Already looking beyond the impending launch of Chandrayaan 1, a week from today, New Dehli's Economic Times and Srinivas Laxman rounds up ISRO's busy, newly ambitious planned activities from Chandrayaan 2 and beyond:
Roscosmos, the Russian Federal Space Agency, will build the lunar rover and India plans to launch Chandrayaan 2, based on an agreement signed in 2007 and recently updated, sometime "between 2010 and 2012."
While development of lunar exploration probes takes less time than similar missions to Mars, for example, plans for the Russian re-entry into the New Space Race remain a little vague:
The rover will weigh between 30 and 100 kg, depending on the kind of landing - a hard or soft one - it will execute on the lunar surface . It will have a one-month life span and operate predominantly on solar power.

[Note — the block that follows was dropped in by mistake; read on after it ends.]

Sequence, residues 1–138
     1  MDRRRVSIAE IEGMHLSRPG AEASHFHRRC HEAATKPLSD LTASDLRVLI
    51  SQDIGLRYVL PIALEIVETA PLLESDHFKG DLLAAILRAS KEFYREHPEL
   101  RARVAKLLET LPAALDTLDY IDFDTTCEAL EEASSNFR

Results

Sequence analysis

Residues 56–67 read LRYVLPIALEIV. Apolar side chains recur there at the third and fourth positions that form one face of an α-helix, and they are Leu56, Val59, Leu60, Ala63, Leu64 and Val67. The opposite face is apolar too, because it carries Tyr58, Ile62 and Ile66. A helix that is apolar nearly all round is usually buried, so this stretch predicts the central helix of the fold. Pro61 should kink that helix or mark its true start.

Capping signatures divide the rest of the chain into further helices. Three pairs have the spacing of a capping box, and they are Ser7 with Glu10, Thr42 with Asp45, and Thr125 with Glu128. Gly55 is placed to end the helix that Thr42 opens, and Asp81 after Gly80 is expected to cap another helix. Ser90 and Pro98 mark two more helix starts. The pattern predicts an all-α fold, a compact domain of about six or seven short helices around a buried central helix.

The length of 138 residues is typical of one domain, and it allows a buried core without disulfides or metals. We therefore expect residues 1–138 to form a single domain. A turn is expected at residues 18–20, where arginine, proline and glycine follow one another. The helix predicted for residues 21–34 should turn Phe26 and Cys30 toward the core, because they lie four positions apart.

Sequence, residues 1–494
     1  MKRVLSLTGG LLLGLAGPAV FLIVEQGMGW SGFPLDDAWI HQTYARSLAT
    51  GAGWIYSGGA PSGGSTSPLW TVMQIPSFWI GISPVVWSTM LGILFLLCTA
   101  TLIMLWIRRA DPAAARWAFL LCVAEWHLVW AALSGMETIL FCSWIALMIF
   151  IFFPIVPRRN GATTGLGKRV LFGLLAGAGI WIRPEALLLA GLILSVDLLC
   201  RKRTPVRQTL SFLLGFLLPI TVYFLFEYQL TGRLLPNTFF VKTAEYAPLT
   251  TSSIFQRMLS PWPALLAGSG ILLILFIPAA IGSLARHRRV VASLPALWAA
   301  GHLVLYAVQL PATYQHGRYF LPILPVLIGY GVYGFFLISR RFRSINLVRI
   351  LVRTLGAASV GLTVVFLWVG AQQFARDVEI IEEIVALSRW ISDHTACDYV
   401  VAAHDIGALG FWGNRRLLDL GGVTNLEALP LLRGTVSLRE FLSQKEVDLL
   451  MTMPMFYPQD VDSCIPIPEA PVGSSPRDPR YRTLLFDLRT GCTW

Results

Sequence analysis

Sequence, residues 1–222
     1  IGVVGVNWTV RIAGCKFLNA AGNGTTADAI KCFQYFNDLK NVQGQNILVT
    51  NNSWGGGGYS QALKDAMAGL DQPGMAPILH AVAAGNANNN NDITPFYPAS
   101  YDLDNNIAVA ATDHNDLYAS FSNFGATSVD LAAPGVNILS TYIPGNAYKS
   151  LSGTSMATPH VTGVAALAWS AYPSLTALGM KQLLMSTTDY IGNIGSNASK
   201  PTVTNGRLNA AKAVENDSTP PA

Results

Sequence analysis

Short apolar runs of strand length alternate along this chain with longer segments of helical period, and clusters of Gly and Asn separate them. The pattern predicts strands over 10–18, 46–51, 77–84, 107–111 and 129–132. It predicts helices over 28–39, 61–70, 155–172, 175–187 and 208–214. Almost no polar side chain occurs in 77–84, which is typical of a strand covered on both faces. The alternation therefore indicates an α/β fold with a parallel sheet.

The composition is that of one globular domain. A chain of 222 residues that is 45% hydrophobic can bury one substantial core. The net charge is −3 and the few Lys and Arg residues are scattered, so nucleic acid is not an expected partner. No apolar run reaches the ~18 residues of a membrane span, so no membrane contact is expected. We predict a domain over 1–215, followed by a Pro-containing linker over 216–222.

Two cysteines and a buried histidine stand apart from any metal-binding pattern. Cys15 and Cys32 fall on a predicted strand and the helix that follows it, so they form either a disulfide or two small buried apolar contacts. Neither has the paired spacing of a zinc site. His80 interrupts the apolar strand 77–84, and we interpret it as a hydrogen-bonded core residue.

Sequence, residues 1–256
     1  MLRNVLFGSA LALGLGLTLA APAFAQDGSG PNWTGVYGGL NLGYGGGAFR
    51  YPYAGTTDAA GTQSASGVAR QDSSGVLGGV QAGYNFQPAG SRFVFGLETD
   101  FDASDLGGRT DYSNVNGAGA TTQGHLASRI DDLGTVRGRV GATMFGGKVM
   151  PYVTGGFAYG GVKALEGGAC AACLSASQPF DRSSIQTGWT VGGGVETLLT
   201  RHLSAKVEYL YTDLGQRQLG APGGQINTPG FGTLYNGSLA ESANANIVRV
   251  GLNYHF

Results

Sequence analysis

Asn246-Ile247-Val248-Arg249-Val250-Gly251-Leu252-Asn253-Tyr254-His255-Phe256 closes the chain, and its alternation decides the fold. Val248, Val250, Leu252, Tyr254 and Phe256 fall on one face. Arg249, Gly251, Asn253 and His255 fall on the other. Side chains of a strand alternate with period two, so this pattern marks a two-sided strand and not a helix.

Keeping in mind the additional payloads in the spacecraft that could increase the launch weight, the rocket for the second mission will be the three-stage Geo-Synchronous Satellite Launch Vehicle (GSLV). The current version of the rocket can carry payloads of up to two tonnes while the new version - GSLV Mk3 - can fly with payloads weighing four tonnes. The data from the rover will be transmitted to the orbiting spacecraft, which, in turn, will send it to the ground station at Byalalu near Bangalore.